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Using Asymmetric Encryption and Digital Signatures in a SQL Server 2005 Database

By Erich Peterson and Siqing Li


A Multi-Part Article on Cryptographic Systems and Encrypting Database Data
This article is the third and final piece of a three-part series exploring cryptographic systems and encrypting data within a Microsoft SQL Server 2005 database. It explores techniques for encrypting data in a Microsoft SQL Server 2005 database using asymmetric encryption. The three parts proceed as follows:

Introduction


Two previous article of ours, An Overview of Cryptographic Systems and Encrypting Database Data and Using Symmetric Encryption in a SQL Server 2005 Database, explored cryptosystem fundamentals and looked at encryption support in Microsoft SQL Server 2005. We compared and contrasted symmetric and asymmetric encryption, examined SQL Server 2005's key management, and saw examples of how to use T-SQL commands to create symmetric keys and to use these keys to encrypt and decrypt data.

In this article - the final one of the series - starts with a look at the T-SQL commands for performing asymmetric encryption and decryption. Next, we discuss using digital signatures as a means for ensuring the integrity of the encrypted data. This article concludes with an ASP.NET 2.0 website example that ties together the lessons learned throughout this article series. Specifically, the database used by this ASP.NET application stores customer information with the customer's credit card information encrypted. An ASP.NET page provides a means to view the sensitive information in plaintext as well as a means to add new customers to the database with the credit card information properly encrypted. Read on to learn more!

T-SQL Support for Asymmetric Encryption


In Using Symmetric Encryption in a SQL Server 2005 Database we looked at the T-SQL support for symmetric encryption. Let us now take a look at how Microsoft SQL Server 2005 allows for the use of asymmetric encryption and its constituent functions. The key functions are summarized in Table 2 [5].

Table 2: Asymmetric Functions

FunctionDescription
EncryptByAsmKeyEncrypts data with an asymmetric key.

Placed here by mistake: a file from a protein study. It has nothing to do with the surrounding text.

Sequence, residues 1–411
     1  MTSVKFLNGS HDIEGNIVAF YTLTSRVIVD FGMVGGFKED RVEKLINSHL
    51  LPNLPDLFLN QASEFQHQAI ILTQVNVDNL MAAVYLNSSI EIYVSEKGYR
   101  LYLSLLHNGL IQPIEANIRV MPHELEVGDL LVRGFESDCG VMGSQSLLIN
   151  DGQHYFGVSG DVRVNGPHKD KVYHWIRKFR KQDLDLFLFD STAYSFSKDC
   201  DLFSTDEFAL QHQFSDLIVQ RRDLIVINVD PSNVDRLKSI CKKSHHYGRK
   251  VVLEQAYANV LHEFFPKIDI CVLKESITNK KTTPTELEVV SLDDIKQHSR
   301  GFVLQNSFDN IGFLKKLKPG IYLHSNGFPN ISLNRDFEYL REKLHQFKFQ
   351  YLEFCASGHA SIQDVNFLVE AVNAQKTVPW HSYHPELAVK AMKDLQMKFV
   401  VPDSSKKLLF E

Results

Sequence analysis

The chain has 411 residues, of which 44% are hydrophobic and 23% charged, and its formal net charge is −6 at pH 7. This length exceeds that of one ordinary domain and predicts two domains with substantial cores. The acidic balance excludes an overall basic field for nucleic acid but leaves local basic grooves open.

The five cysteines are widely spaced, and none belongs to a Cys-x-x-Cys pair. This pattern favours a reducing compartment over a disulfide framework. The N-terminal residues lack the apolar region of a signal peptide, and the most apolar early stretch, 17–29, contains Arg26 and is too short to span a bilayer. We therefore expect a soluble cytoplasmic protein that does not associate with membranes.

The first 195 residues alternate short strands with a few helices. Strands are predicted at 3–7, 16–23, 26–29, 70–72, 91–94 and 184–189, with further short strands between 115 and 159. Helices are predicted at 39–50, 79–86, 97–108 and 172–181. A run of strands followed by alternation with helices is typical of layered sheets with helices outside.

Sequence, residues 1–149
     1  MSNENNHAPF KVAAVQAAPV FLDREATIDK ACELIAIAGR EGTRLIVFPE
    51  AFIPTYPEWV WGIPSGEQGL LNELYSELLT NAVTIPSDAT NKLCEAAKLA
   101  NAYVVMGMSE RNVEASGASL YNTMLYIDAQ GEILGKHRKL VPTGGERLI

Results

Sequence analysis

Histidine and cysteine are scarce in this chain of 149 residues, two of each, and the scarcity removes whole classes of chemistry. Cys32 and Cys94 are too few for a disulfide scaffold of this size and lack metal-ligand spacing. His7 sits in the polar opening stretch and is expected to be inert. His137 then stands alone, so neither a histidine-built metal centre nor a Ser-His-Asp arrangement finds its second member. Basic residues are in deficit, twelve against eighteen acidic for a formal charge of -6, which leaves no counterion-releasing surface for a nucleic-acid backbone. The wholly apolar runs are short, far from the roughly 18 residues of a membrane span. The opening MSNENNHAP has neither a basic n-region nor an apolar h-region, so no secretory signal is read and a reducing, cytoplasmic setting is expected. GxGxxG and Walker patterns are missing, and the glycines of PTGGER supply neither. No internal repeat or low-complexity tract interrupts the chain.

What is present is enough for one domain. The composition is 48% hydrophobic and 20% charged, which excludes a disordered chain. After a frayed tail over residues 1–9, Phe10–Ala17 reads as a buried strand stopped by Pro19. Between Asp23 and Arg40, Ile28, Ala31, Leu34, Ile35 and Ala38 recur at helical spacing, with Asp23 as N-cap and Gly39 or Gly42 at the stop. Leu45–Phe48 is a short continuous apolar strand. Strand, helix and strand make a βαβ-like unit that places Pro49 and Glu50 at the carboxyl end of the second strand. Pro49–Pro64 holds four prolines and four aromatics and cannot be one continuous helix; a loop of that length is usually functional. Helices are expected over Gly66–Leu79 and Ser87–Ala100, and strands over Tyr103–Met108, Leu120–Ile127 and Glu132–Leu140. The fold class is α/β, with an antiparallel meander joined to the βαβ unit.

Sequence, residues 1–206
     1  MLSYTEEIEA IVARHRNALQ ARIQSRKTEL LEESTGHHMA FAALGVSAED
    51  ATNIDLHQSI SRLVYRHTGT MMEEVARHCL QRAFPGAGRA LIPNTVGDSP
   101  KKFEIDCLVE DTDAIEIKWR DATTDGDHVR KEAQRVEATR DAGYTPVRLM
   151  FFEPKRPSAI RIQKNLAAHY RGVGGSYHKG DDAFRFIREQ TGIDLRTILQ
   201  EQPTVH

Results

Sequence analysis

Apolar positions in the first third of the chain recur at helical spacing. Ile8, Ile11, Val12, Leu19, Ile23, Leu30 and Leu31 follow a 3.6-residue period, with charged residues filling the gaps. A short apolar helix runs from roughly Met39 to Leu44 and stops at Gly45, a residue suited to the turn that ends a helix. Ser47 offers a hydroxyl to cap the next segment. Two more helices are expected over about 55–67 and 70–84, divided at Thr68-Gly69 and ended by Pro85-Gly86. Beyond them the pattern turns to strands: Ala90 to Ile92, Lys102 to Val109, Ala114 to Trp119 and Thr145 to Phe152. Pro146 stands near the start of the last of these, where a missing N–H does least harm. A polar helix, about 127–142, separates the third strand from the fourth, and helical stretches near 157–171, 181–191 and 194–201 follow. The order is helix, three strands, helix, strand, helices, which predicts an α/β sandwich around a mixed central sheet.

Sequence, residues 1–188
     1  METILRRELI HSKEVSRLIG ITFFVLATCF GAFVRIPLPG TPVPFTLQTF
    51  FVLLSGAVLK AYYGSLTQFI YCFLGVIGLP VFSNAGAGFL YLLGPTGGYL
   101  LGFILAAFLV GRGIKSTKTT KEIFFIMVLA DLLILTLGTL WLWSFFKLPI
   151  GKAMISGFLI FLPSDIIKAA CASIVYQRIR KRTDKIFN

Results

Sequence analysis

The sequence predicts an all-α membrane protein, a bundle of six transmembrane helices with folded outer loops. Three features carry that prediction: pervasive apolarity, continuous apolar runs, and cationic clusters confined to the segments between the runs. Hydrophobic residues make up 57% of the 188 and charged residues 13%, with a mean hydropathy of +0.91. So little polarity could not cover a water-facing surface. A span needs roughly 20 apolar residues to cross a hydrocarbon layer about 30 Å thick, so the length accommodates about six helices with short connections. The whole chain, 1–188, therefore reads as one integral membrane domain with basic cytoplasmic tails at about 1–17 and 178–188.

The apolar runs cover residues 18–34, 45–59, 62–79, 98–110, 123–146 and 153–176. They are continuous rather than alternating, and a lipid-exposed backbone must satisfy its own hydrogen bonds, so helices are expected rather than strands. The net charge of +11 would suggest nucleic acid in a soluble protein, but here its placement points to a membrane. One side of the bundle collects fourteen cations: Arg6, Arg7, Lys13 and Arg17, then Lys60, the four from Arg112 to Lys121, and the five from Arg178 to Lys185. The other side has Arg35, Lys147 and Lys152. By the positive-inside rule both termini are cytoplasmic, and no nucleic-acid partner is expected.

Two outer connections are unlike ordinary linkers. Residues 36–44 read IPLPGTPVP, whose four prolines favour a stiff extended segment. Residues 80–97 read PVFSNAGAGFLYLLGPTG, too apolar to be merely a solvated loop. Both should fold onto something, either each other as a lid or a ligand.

DecryptByAsmKeyDecrypts data with an asymmetric key.
EncryptByCertEncrypts data with the public key of a certificate.
DecryptByCertDecrypts data with the public key of a certificate.
Cert_IDReturns the ID of a certificate.
AsymKey_IDReturns the ID of an asymmetric key.
CertPropertyReturns the value of a specified certificate property.

Just as there is a system catalog view for the symmetric keys in a database, there is one for asymmetric keys as well. The following statement will list information about the asymmetric keys in the current database:

SELECT * FROM sys.asymmetric_keys;

Also, SQL Server 2005 provides functions for asymmetric encryption that are used in a similar manner as the symmetric cryptographic ones were. The following example illustrates using the EncryptByAsymKey and DecryptByAsymKey functions for performing asymmetric encryption and decryption. Also shown is the AsymKey_ID function, which returns the ID for a particular asymmetric key.

-- use the database tempdb
USE tempdb;

-- create symmetric key 'SecureAsymmetricKey'
-- using the 2048-bit RSA encryption algorithm 
-- and encypt the key using the password
-- 'AnotherStrongPassword'
CREATE ASYMMETRIC KEY SecureAsymmetricKey
	WITH ALGORITHM = RSA_2048
	ENCRYPTION BY PASSWORD = N'AnotherStrongPassword';

-- create temp table for inserting data
CREATE TABLE AsymmetricTempTable (
    Id INT IDENTITY(1,1) PRIMARY KEY, 
    PlainText NVARCHAR(100),
	CipherText VARBINARY(MAX)
);

-- declare and set varible @str to store plaintext
DECLARE @str NVARCHAR(100)
	SET @str = N'Hello RSA 2048';

-- insert data into AsymmetricTempTable
INSERT INTO AsymmetricTempTable (PlainText, CipherText) 
VALUES (
	@str,
	EncryptByAsymKey(AsymKey_ID('SecureAsymmetricKey'), @str)
);

-- display data in table
SELECT * FROM AsymmetricTempTable;

-- display decrypted text
SELECT CONVERT(NVARCHAR(100), 
    DecryptByAsymKey(AsymKey_ID('SecureAsymmetricKey'),
	CipherText, N'AnotherStrongPassword')) AS PlainText
FROM AsymmetricTempTable;

-- delete key and table
DROP ASYMMETRIC KEY SecureAsymmetricKey;
DROP TABLE AsymmetricTempTable;